No, I didn’t set out with a ‘family’ theme, but I am hugely influenced and eternally grateful to my family who have supported and encouraged my music career from the very start. My folks introduced us (my three brothers, two sisters and I) to traditional music at a very early age and started sending us to classes. I have loved it since then. A huge number of children nowadays don’t even get the chance to play music and it is an ever declining ‘priority’ in schools from what I can see. That is a very sad thing. When I play music, Irish traditional music, I feel a huge sense of identity and family.

You’ve referred to the book Folk Singing in North Derry: Shamrock, Rose and Thistle as your “‘bible’ of folk songs” – when did you first come across the collection?

I first came across this book around 2008/2009 when I was introduced to a great collector of Irish traditional music and song, Jackie Devenney. Jackie hails from Coleraine in Co. Derry, like myself, and I was incredibly surprised to learn of Jackie and of the wealth of repertoire we boast in the north of Ireland. It is this material that excites me, songs with place names I recognise and places I played as a child. Shamrock, Rose and Thistle is only a tip of the iceberg when it comes to all the songs but I feel attached to it as it was my first learning of all these homeland songs and I love to take the stories out and bring them to life.

What are some of the ‘interesting bits and bangy things’ that percussionist Cormac Byrne is credited as playing on the album?

Well, Cormac could make a pencil sharpener rhythmical! But he did some really interesting things on Areas Of High Traffic on triangles and weird shakers and washboards and other things that I didn’t even recognise! The most interesting bangy thing he used was a bucket! Yes a bucket. You can hear it on the second track ‘The Blacksmith’. It is literally a metal bucket turned upside down. Genius!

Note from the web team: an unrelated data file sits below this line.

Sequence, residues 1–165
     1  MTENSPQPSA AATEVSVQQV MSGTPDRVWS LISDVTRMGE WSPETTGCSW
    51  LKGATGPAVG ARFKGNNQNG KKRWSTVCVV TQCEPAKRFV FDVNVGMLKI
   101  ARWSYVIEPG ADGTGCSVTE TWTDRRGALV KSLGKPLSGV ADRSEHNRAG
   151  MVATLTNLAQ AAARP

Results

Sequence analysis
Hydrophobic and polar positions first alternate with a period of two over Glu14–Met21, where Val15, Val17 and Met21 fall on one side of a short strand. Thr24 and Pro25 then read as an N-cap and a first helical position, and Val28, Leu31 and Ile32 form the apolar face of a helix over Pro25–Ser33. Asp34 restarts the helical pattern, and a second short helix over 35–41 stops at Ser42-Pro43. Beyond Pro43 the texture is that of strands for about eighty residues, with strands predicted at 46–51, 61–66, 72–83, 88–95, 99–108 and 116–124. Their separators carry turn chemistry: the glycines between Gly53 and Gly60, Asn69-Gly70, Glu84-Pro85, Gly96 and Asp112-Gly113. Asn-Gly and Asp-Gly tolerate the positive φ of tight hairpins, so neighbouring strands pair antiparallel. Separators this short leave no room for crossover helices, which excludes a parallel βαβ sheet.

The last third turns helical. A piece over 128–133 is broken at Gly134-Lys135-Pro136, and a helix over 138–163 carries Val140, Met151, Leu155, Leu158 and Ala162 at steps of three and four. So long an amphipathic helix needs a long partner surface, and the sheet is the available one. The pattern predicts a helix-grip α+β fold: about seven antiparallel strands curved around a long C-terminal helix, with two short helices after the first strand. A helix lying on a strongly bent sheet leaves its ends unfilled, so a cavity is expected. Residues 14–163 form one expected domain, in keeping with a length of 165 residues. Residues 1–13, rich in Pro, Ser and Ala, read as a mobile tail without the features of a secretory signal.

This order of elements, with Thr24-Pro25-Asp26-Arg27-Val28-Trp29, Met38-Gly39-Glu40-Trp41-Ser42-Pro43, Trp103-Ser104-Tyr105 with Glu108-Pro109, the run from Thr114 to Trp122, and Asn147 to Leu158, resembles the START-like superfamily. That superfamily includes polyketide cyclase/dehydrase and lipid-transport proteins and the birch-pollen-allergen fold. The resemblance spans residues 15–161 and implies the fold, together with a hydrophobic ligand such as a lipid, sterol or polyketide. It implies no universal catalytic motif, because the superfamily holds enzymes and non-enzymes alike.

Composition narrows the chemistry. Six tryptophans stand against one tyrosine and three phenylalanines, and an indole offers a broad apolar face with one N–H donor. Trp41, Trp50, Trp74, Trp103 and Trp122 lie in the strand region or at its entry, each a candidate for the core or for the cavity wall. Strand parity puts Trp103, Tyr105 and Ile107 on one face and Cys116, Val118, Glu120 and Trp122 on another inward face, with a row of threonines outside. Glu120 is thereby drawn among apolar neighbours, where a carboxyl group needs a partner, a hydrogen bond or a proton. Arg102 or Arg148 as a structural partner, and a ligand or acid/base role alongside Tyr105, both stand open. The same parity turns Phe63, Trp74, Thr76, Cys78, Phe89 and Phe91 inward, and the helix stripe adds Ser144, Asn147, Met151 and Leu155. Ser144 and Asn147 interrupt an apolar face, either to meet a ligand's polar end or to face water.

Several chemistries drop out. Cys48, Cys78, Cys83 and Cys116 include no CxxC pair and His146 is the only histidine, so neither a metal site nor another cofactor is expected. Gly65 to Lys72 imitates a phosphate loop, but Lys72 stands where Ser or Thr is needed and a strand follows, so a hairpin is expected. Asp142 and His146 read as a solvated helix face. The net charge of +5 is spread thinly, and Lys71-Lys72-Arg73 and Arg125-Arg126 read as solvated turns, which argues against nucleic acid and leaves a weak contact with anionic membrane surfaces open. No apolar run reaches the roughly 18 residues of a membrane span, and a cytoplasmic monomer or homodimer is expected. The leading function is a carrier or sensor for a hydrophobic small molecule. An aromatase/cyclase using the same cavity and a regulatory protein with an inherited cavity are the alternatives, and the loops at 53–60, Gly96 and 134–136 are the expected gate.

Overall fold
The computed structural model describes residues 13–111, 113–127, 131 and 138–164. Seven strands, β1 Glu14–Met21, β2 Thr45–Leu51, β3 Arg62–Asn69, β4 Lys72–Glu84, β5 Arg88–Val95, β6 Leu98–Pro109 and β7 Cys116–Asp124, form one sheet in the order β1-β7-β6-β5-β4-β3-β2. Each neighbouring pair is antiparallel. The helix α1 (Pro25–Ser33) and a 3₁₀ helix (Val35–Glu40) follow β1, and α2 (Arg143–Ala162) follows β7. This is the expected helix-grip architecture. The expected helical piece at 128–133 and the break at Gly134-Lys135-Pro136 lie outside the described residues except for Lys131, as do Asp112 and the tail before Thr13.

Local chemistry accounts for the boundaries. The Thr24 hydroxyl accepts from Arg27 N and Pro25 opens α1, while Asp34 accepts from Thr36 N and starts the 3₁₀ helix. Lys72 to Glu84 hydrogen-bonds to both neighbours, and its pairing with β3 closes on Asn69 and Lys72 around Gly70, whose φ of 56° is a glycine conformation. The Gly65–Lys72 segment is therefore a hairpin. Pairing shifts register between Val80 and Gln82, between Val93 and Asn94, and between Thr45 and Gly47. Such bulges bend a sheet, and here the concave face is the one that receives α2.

The album has a very distinctive urban look – graffiti and skyscrapers; what was the idea behind it? Was there a conscious decision to make it not look like ‘a folk album’?

There was definitely a conscious decision to make it look different. The music is very different to anything I’ve done before so I thought the look should be too. There’s hints of urban music influences throughout the album, it is overall a more mainstream sound and I wanted to depict that through the image as well. I am really not a fan of the ‘stand in a field with a guitar’ photo, which has almost become a stereotype of folk music, and it has always been, arguably more so now than ever, a lot more than this. The next generation are creating some incredible and new sounds with folk music and it’s a really great time to be a part of it. Folk music deserves as much press as any other genre of music but it is hugely difficult to compete with those big bands on big labels where copious amounts of money are spent on image, then comes the music!! So I guess the answer is yes, I didn’t want it to look like a stereotype. I wanted it to be more interesting and David Angel, the photographer for the album, is the king at being interesting. I gave him an idea and he brought it to life.

I understand that you’ve been working on a new album with guitarist David Kosky – will this be a direct follow-up to The Mystery Inch, or something different?